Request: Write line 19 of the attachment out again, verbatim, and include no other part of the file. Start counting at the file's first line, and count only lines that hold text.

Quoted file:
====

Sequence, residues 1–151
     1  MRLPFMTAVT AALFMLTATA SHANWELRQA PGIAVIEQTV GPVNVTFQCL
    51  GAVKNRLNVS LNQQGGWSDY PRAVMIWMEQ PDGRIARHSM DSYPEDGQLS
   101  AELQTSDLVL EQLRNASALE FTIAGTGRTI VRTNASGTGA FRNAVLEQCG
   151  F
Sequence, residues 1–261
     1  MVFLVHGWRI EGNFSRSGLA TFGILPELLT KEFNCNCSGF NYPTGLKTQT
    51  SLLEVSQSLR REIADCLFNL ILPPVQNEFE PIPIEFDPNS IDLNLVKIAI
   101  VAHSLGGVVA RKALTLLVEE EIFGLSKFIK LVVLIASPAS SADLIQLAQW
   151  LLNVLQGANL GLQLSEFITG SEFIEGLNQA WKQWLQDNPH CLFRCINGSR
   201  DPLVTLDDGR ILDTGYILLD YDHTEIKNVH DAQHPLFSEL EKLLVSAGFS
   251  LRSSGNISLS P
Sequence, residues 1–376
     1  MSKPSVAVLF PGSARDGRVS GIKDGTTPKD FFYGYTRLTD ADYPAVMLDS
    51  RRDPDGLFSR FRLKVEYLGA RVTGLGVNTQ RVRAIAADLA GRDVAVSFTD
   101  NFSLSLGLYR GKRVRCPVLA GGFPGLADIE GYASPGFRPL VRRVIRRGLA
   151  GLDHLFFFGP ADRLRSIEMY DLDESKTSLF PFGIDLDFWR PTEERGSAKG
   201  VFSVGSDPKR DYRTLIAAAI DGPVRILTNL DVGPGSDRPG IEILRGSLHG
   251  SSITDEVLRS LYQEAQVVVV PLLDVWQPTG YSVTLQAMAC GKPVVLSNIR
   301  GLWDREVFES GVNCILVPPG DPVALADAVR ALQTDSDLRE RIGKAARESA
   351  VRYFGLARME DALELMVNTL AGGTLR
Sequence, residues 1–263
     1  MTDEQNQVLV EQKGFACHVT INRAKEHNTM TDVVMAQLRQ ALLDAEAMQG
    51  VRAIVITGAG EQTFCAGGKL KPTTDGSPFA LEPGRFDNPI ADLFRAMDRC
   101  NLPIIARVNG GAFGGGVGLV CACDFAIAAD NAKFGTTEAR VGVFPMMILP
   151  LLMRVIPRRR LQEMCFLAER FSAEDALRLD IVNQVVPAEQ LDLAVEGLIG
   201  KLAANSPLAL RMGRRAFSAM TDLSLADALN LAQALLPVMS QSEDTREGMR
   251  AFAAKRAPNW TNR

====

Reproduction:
   251  SSITDEVLRS LYQEAQVVVV PLLDVWQPTG YSVTLQAMAC GKPVVLSNIR